Talisman - An object, drawing or symbol which is believed to confer power on the owner for a specific purpose through magickal or supernatural means. It may also attract good luck health, love, or power. Used in magickal practices. Whereas an amulet is passive, a talisman is seen as possessing an active force (Guiley, Paranormal, 599; Guiley, Witches, 327)). See Pentagram, Sigil.

Tarot Cards - Cards used for divination and/or meditation with symbolic pictures carrying hidden meanings. They are considered by some to have been playing cards in 14th century France (Guiley, Paranormal, 502), and claimed by others to be from the Rom (Gypsies) brought from Chaldea to Egypt, into Israel, and then Greece (Gray, 6). The origin of these cards, bound in legend and myth, are disputed and murky. The cards are used in present times for divination as well as "the cultivation of intuition and psychic ability," (Guiley, Paranormal, 602). The pictures on the cards are interpreted symbolically in an occult context, and represent the soul's journey to spiritual awakening, or the individual becoming whole (Gray, 14; Guiley, Paranormal, 603). There are 78 cards which are divided into the Major Arcana and the Minor Arcana. The Minor Arcana, made up of 56 cards, are divided into four suits, Pentacles, Wands, Cups, and Swords, which are usually linked to the four elements of earth, air, water, and fire. The Major Arcana is comprised of 22 cards with richly symbolic pictures, some of which are The Emperor, The Tower, Death, The Hanged Man, The Hierophant, The Lovers, The Chariot, The Sun, The Moon, Justice, Strength, The Devil, and others. The Major Arcana represent "astrological, numerological, and Kabalistic teachings of the ancients" and are based on "the legends, myths, philosophies, religions, and magic beliefs of the human race," (Gray, 2). It is claimed that the 22 cards of the Major Arcana originally corresponded to the 22 paths on the Tree of Life (see Kabbalah) and the 22 letters of the Hebrew alphabet (used in a magickal manner) (Ibid., 13, 14). However, this link to the Kabbalah and the Hebrew letters is a disputed one (Guiley, Paranormal, 603). There is acceptance among occultists that the Tarot has "occult powers," (Gray, 2.). The most popular deck is the Rider-Waite deck, developed first by occutlist A. E. Waite (a member of the occult Hermetic Order of the Golden Dawn) and published by William Rider & Son, Ltd. in the early 20th century. Waite claimed that he "restored" symbols on the cards from the Hermetic Kabbalah (Guiley, Paranormal, 603). There are hundreds of types of Tarot decks available today, such as round cards for feminists (the Motherpeace deck), cards with Native American themes, decks for witches, decks with Celtic themes, decks with fairy tale themes, etc. In laying out the cards for a reading, it is believed that the cards will "fall into positions that inevitably relate to the subject of the reading," (Gray, 14). See Divination.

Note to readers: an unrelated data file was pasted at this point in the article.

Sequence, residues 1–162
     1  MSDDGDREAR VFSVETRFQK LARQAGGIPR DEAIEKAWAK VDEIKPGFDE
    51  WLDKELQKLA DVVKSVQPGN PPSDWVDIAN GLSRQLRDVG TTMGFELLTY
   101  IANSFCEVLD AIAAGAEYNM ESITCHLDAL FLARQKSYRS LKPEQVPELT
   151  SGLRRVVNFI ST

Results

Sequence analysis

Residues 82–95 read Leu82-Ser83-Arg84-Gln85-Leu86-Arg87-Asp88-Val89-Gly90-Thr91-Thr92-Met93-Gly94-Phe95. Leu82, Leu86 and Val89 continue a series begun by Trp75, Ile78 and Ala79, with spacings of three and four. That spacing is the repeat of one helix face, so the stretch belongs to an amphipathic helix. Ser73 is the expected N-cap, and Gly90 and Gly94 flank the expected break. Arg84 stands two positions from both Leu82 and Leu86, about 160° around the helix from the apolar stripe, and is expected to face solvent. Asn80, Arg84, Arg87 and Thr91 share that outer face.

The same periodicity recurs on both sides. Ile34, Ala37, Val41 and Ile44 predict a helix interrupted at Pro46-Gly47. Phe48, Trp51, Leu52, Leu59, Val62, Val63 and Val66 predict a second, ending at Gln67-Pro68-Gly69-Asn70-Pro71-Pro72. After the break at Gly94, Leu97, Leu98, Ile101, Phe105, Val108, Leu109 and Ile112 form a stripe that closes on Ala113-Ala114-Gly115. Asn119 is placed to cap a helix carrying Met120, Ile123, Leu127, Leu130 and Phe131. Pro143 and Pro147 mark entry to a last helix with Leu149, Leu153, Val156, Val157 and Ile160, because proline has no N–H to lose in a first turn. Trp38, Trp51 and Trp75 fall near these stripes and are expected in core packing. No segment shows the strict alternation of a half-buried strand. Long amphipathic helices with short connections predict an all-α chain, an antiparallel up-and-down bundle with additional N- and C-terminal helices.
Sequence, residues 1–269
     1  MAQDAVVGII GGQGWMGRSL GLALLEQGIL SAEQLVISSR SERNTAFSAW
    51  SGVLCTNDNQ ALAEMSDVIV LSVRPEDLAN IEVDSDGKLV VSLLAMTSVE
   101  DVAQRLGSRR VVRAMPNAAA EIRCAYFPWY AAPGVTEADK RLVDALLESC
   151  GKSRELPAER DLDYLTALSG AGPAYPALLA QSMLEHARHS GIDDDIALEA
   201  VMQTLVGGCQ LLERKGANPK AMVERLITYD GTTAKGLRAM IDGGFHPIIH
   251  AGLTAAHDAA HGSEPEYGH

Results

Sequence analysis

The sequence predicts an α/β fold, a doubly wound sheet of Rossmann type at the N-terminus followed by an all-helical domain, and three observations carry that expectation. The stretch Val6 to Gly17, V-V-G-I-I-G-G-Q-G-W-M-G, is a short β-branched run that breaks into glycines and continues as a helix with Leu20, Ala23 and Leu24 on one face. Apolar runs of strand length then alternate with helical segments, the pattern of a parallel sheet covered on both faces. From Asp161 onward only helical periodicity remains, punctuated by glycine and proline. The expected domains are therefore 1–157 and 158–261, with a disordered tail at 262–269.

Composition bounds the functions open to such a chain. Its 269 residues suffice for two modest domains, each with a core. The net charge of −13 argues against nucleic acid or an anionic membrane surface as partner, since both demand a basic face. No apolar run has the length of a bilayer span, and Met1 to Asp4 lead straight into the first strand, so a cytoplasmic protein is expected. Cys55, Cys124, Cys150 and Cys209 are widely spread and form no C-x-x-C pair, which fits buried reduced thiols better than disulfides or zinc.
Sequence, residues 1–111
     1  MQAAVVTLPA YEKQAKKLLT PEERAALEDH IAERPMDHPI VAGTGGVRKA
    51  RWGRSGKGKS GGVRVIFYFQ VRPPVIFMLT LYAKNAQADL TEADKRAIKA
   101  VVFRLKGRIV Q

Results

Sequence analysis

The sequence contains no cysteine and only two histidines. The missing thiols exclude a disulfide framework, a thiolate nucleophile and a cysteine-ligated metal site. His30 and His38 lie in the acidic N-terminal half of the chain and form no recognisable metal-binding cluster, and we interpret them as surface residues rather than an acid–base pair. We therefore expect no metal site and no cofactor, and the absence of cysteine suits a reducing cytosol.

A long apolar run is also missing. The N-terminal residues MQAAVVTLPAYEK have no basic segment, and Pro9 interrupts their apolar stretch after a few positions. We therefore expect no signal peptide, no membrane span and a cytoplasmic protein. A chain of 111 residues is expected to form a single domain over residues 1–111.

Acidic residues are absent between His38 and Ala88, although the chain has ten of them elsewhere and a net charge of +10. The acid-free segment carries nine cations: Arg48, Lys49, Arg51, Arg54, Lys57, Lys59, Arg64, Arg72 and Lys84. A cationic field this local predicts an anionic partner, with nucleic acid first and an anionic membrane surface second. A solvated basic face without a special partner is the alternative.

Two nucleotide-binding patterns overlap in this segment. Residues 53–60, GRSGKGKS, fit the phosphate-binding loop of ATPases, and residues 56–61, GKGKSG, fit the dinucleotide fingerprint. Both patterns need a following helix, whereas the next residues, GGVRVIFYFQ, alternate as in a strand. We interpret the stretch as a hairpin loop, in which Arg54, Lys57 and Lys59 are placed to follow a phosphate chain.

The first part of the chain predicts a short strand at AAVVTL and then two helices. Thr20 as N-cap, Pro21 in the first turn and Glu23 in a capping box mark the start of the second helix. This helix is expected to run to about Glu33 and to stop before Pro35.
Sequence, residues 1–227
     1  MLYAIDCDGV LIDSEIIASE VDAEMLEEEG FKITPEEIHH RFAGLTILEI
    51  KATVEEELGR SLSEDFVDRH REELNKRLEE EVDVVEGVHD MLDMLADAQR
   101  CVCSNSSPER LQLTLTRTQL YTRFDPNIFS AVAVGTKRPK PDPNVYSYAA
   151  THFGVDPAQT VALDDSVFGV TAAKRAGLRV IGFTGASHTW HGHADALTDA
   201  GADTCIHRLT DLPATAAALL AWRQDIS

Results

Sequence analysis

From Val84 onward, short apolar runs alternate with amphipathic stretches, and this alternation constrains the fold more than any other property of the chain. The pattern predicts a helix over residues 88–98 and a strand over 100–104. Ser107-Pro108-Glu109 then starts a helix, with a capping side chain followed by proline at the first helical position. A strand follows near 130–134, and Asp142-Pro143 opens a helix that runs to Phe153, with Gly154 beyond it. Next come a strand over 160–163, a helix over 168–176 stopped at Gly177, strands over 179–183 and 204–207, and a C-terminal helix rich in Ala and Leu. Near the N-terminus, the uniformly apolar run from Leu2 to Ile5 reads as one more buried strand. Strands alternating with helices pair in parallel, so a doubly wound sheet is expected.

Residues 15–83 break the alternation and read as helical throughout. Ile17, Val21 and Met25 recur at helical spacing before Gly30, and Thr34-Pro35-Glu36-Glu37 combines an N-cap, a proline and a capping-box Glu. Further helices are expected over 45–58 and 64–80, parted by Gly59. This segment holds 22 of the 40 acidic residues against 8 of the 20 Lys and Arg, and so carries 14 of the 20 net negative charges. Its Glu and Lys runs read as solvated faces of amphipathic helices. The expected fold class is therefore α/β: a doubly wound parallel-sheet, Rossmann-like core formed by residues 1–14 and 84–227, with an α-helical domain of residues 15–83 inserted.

Telekinesis or Teleportation - A form of psychokinesis in which physical bodies or objects are moved over distances, and in which solid objects are materialized and dematerialized in order to pass through matter.

Telepathy - The paranormal ability to send or receive a thought over distance without verbal or visual help. See ESP.